11 August 2009

Raising the Debt-Ceiling Will Impress Our Lenders?1

On August 5th, I wrote about the three possibilities for Congress to deal with ballooning expenditures and debt: '... there are only three options available to he and to the Congress: cut spending (not going to happen with all the continued spending proposals), allow the debt to balloon to the point where we create long-term stagflation (which will kill any possibility of a second term), or increase income in the form of taxes.' In that same post I also discussed Treasury Secretary Geithner and Larry Summers floating the idea of raising taxes on all but the poor. Now Geithner wants Congress to pick door-number two, requesting that it raise the debt-ceiling from $12.1 trillion (where it was set to accomodate the stimulus package) to an as yet undetermined amount. The annual deficit expanded to $1.3 trillion in the first six months of the year, and is expected to hit $1.8 trillion by October when we also are expected to reach the current debt ceiling.

Geithner's argument? '"It is critically important that Congress act before the limit is reached so that citizens and investors here and around the world can remain confident that the United States will always meet its obligations," Mr. Geithner said in the letter.' This request is already raising a debate about the effectiveness of the debt ceiling and the message we send to our lenders:

'"It's a clear that we've got a sign that we've got a federal government that is out of control from the fiscal standpoint," said Rep. Tom Price (R., Ga.), who leads the conservative Republican Study Committee in the House. "I don't see how anyone can vote in favor of an increase in the debt ceiling and say they're doing it is a responsible way." Robert Bixby, executive director of budget watchdog the Concord Coalition, said the debt ceiling has little practical application in curtailing government spending. "You can't not raise it, because if you do, the Treasury in effect would be defaulting on the debt, which would be crazy," Mr. Bixby said. "It doesn't really provide a whole lot of restraint."'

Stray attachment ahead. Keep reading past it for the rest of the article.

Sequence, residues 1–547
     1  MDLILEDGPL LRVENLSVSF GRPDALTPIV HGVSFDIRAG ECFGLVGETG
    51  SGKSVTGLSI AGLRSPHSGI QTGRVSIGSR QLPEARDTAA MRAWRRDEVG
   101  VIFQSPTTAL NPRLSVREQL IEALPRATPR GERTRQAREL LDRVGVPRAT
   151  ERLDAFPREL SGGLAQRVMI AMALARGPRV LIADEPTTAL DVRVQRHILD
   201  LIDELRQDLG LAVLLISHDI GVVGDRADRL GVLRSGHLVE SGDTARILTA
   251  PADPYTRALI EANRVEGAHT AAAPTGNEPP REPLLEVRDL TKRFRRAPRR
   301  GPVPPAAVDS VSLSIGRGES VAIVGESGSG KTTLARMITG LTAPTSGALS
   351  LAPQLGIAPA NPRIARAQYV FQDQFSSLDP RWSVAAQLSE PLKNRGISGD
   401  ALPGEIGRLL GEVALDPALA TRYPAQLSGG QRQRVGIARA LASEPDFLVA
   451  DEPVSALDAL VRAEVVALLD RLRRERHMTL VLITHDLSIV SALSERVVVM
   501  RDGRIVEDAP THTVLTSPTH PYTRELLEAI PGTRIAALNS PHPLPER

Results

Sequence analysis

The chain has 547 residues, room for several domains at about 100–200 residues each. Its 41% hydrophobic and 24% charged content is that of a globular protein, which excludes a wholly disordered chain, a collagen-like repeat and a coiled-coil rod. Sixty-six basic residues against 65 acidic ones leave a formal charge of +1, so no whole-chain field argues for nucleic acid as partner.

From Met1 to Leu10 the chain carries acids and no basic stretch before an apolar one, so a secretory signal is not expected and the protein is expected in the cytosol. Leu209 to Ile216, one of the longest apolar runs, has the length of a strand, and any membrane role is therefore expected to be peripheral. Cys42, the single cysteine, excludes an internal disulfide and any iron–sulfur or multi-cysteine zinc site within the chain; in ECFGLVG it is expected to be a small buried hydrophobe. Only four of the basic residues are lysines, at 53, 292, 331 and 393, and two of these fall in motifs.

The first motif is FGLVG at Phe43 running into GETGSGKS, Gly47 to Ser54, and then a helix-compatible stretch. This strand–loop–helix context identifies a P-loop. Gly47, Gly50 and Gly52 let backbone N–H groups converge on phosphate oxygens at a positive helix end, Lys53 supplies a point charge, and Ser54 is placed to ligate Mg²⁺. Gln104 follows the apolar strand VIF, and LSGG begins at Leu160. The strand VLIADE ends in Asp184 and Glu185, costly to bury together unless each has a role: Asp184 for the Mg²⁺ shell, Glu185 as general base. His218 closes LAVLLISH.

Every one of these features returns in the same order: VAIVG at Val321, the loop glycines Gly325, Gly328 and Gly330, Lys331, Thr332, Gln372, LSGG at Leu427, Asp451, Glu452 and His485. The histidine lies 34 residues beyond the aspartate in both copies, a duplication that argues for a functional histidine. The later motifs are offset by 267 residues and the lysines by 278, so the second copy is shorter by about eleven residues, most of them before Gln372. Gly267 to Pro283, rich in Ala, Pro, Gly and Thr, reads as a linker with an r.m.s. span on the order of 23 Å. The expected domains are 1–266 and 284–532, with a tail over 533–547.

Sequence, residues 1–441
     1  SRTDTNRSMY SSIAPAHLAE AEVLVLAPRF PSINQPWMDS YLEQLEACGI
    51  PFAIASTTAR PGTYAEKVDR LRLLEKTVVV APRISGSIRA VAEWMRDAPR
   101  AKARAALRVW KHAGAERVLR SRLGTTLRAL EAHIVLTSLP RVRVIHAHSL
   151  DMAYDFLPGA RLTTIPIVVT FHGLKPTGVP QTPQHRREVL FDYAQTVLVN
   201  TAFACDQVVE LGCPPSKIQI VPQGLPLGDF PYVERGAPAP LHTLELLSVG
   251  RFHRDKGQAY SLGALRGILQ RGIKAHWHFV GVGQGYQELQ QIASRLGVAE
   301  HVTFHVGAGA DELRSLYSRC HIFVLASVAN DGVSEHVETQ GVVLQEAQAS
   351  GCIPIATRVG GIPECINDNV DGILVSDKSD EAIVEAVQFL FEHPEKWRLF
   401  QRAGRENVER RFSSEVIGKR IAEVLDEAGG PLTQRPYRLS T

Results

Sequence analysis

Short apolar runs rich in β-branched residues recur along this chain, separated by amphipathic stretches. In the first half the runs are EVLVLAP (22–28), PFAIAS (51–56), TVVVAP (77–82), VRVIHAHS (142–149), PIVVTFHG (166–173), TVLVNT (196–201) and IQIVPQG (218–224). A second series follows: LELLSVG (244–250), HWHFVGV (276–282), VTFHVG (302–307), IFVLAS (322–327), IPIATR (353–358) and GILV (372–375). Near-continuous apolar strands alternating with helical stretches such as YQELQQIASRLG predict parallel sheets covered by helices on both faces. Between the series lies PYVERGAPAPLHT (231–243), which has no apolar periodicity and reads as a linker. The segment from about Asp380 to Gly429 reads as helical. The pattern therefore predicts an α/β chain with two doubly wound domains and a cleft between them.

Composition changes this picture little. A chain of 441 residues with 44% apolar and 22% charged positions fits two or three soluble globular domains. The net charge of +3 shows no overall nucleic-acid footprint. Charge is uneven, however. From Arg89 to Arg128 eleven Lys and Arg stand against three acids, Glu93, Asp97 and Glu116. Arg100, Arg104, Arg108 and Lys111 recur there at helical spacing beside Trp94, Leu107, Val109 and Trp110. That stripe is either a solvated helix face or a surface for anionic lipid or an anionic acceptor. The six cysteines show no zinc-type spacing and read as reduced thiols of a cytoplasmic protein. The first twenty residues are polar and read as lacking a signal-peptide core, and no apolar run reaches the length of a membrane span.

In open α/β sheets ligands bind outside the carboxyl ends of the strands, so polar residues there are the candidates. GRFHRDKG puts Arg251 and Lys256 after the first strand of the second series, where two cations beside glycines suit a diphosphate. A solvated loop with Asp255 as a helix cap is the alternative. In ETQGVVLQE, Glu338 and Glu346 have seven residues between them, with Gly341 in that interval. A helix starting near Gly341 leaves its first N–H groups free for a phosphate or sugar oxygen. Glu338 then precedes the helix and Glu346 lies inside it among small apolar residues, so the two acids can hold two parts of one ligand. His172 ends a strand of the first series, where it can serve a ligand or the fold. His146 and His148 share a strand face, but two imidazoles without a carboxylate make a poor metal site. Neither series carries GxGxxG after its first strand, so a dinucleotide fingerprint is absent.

Continuing down this road of out-of-control deficit-spending may very well force us through both increased taxes and the type of debt cycling we experienced in the late 1970s and 1980s. During that period, deficit loads increased dramatically enough that the nation was forced to print money, devaluing the currency and helping to create stagflation. What a legacy that would be. Further, there is no particular reason why increasing the debt-ceiling while failing to reign in spending will reassure our lenders (particularly China which has expressed increasing concern over our current fiscal policy). Congress and the Obama Administration may be collectively pushing us into a situation from which there is no clear or easy return.

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